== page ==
In my program I’ve got code that generates a quicktime movie from snapshots taken live from my simulation’s OpenGL output. It is based off apple sample code which takes NSImages and extracts their NSBitmapImageRep to pass pixel data to the hairy underbelly of QuickDraw & QuickTime.
Now, it used to work just fine, when I was saving NSImages for each frame to NSTemporaryDirectory() on the runtime “record” pass and then subsequently reloading them when I was encoding. I don’t encode at runtime simply because it would be too slow, so I record first, to /tmp and then encode later.
However, this weekend I decided to optimize and instead of saving out TiffRepresentations ( which is pretty slow, when you consider that I’m trying to do this 25 times per second ): now I write raw gl image buffer data to one huge flat file and, and then subsequently in the encoding pass ( which can be slow ) I read one image at a time from the huge cache file and create NSImage from that data. I do this by reading the number of bytes for each image ( 24 bit, RGB ) from the file and populating a freshly allocated NSBitmapImageRep’s pixel data. I then add this rep to an NSImage and pass that on to my QuickTime code.
That much works fine, I know for a fact that the images are being reconstructed correctly.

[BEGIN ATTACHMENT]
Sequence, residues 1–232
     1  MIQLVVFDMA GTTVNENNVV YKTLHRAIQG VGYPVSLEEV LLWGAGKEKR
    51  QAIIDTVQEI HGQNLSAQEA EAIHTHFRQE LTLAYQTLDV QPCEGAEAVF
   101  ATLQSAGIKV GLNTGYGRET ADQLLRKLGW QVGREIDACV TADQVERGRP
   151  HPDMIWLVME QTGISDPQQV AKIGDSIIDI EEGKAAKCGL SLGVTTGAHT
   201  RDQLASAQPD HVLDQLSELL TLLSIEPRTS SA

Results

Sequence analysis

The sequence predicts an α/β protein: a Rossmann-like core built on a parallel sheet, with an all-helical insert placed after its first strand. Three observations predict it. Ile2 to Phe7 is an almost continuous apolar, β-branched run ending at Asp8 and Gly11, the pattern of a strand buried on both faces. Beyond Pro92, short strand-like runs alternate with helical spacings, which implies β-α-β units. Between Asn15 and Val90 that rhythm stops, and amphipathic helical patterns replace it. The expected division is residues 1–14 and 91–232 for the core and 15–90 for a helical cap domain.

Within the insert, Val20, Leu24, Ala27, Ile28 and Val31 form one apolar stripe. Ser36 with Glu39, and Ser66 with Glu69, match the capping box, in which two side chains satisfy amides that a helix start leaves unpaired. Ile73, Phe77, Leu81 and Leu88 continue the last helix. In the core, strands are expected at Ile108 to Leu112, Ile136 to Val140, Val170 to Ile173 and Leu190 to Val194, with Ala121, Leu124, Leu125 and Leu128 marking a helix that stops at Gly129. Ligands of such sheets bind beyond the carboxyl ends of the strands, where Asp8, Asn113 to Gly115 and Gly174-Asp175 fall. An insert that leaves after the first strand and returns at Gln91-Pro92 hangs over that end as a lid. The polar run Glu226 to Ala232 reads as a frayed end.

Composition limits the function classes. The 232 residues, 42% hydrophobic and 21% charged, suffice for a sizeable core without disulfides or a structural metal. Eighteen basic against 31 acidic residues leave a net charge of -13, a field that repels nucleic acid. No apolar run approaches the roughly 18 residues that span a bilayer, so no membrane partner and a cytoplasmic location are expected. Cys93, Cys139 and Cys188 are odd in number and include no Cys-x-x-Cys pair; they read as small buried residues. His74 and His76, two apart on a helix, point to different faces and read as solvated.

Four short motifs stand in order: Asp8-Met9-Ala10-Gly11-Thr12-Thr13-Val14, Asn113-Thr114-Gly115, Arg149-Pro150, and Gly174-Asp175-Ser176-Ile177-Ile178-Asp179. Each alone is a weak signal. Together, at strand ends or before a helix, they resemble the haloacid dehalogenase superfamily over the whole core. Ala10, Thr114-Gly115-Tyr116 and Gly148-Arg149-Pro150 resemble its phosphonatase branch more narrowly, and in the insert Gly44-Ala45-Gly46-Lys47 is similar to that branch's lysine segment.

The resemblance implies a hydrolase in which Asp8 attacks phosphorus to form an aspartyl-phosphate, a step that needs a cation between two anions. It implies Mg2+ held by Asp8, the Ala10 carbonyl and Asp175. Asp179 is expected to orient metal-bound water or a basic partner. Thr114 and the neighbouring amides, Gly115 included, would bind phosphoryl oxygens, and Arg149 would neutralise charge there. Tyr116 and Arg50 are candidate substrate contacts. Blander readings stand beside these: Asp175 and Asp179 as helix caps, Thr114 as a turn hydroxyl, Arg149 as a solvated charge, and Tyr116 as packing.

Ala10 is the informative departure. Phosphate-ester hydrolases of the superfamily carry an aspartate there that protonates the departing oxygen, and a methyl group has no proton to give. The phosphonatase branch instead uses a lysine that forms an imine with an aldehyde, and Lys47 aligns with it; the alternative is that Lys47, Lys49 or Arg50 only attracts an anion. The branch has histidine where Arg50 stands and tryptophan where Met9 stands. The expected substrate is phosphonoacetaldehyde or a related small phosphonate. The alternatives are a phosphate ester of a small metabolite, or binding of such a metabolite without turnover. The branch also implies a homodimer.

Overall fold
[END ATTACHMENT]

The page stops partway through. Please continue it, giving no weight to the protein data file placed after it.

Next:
The trouble is this: OpenGL and Quicktime have different row-ordering, where OpenGL, like Quartz, considers 0,0 to be lower left and Quicktime considers it to be upper left. So, to prevent having my movies upside-down I call:�
[image setFlipped: YES]; [image lockFocusOnrepresentation: bitmapRep];
( note, I’m at work and I might not have typed the above correctly )
This is known to work – in that if I then save that image to disk as a tiff, via image [[TIFFRepresentation] writeToDisk: @”somefile” atomically: NO] and look at it with an image viewer it IS correctly displayed.
However, the quicktime code expects the NSImage to have an NSBitmapImageRep and it seems that when I flip the image, the NSBitmapImageRep is converted to an NSCachedImageRep ( I guess that means it’s holding an affine transform for the flipping, instead of actually flipping the bitmap )
Suffice it to say, the QuickTime encoding chokes, because it cannot find an NSBitmapImageRep.
So, what I’m wondering is how can I convert that NSCachedImageRep back to an NSBitmapImageRep? I’d rather not have to flip the scanlines of the bitmap data myself ( though I can, and have before, I just don’t want to ).
A cached image rep means that the image has been drawn into an offscreen window, and subsequent compositing operations come from that window. That way the system doesn’t have to apply the transform, or other manipulations of the image (say resolution or color space don’t match the screen). As for going from a cached image rep to a regular one, I have no idea. Maybe you can focus on that image rep, find out its window, and then grab the bits from it? Or maybe you can tell the cached image rep to draw into a new bitmap image rep. Also, would the vImage framework work for you in flipping your images? That might be easier than mucking around converting image reps.
I haven’t tested it at home, but I wrote a test on my machine at work, just now, and I discovered a low-down-dirty way to make it work. I’m positively ashamed at myself, but it works, and it’s a one liner. Instead of returning the flipped image, return [[NSImage alloc] initWithData: [image TIFFRepresentation]];